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A Novel Probiotic For Preventing and Treating Clostridium Difficile Pathogenesis

Fanger, Gary
Rise Therapeutics, Llc
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Project SummaryThe goal of this project is to develop a novel drug, R-4329, for the prevention and/or treatment of Clostridium(C.) difficile pathogenesis. R-4329 is based on a unique protein known as secreted antigen A (SagA) identifiedfrom Enterococcus faecium which our research team showed can protect against multiple enteric infections,including C. difficile, by enhancing the integrity of the gut membrane barrier.C. difficile is a ubiquitous anaerobic Gram-positive bacterium that can sporulate and become highly resistant toenvironment stresses and frontline antibiotics such as clindamycin. Pathogenic strains of C. difficile secrettoxins (A and B) that damage intestinal epithelial cells, resulting in inflammatory colitis, severe diarrhea,abdominal pain, flu-like symptoms, and possible death. C. difficile infection (CDI) often occurs followingantibiotic-treatment when the endogenous microflora of individuals is altered or severely reduced. Since 2000,the rate of CDI has increased from below 150,000 to over 250,000 cases and has been become one of themost significant hospital-acquired infections with an economic burden of over $1 billion to treat in the USA.Once C. difficile establishes residence in the colon, it is difficult to eradicate with last resort antibiotics(vancomycin) and consequently results in relapses of CDI and inflammatory colitis. An effective approach totreating CDI has been fecal microbiota transplant (FMT) therapy. However, FMT is a heterogeneous andpoorly defined therapeutic, for which its safety is still a major concern requiring special FDA approval. Newand well-defined therapeutics are desperately needed to prevent and treat CDI.Defined strains of probiotics offer an exciting alternative to prevent and treat CDI and many strains ofLactobacillus (acidophilus, casei, reuteri, plantarum) have been explored as probiotics to inhibit infection ofenteric pathogens and mitigate antibiotic-associated diarrhea. Unfortunately, the mechanism of action hasbeen difficult to characterize with limiting beneficial effects in the context of their clinical utility. While moreclinical studies are still needed, these recent studies suggest that improved probiotics may be even moreeffective at controlling CDI. Indeed, our recent results published in the journal Science demonstrate thatengineering or ?reprogramming? of probiotics to recombinantly express SagA yields a more protectivefunctionality against enteric infections, including CDI. Our goal is to develop a novel probiotic strain to deliverSagA (referred to as R-4329) as an orally administered drug that functions naturally to induce protectiveregulatory signals. The key objectives are to: 1) generate L. lactis clones expressing SagA from a genome-integrated operon; 2) select a R-4329 clinical candidate based on growth rate, SagA expression, and stability,and 3) demonstrate R-4329 activity in the murine C. difficile infection model.Successful commercialization of R-4329 will ultimately provide a profound front-line medical advancement inthe treatment of enteric infection.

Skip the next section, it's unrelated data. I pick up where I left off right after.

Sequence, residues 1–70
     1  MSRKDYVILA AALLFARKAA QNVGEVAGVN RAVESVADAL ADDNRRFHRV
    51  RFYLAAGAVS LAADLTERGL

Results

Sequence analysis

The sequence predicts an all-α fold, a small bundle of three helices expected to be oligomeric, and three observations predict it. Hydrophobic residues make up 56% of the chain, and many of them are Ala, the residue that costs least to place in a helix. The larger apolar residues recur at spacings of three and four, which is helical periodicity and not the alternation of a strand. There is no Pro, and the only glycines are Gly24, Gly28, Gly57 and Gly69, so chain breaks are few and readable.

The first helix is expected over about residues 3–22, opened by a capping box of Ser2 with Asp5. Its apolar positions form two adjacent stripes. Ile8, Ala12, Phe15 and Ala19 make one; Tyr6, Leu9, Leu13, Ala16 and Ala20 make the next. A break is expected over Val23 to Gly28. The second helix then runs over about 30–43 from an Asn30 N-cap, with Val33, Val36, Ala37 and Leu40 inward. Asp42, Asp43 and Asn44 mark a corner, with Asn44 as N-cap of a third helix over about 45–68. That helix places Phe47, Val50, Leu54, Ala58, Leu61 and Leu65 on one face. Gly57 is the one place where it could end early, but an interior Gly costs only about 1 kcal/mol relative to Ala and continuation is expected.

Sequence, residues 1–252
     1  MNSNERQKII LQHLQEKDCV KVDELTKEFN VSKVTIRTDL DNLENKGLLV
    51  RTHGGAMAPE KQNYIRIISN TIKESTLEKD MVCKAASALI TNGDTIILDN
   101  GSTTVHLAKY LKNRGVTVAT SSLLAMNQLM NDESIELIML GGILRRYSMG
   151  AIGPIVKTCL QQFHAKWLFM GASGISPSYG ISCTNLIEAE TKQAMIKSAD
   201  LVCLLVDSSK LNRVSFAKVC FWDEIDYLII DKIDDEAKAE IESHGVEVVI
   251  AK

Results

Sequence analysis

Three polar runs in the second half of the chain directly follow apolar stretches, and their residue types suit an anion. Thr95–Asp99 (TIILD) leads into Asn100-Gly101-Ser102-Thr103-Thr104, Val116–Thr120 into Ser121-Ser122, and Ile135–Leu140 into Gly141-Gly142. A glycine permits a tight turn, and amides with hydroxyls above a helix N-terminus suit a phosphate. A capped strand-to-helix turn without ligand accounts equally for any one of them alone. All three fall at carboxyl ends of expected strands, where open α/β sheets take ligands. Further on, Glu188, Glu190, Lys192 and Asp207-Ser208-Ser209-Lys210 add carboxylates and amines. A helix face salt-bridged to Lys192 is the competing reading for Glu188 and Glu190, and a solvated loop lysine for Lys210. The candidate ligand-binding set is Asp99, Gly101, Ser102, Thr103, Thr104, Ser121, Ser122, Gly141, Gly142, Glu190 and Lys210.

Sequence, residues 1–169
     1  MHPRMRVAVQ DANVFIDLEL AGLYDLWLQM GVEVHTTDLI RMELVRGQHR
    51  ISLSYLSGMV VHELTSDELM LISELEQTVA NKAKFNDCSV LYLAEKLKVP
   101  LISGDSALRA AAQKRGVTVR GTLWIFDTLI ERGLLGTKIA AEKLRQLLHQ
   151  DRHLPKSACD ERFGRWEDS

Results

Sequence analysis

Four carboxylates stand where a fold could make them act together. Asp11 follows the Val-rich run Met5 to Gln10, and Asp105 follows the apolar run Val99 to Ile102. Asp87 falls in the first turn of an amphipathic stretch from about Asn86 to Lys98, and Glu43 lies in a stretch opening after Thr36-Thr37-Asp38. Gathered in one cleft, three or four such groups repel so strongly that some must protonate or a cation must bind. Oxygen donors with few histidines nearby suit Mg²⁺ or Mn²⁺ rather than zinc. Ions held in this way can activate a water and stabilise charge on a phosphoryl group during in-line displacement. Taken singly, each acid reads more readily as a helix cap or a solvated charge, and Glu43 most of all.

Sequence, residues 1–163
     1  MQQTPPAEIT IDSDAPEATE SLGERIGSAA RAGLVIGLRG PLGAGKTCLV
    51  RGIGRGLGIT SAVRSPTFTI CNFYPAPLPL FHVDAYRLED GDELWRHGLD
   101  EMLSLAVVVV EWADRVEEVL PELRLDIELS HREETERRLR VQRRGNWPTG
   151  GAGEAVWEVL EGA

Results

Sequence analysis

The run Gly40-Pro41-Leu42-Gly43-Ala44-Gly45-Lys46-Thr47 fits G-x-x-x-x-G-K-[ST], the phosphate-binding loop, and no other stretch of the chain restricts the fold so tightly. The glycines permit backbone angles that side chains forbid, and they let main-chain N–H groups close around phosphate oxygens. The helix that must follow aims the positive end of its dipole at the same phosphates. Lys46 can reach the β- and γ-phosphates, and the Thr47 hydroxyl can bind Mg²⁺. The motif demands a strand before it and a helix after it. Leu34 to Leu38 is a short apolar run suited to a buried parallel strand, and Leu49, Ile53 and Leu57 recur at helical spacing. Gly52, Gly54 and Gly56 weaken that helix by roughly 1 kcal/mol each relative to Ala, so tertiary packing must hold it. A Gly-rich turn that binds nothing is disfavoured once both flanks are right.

Funding Source
Nat'l. Inst. of Allergy and Infectious Diseases
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Bacterial Pathogens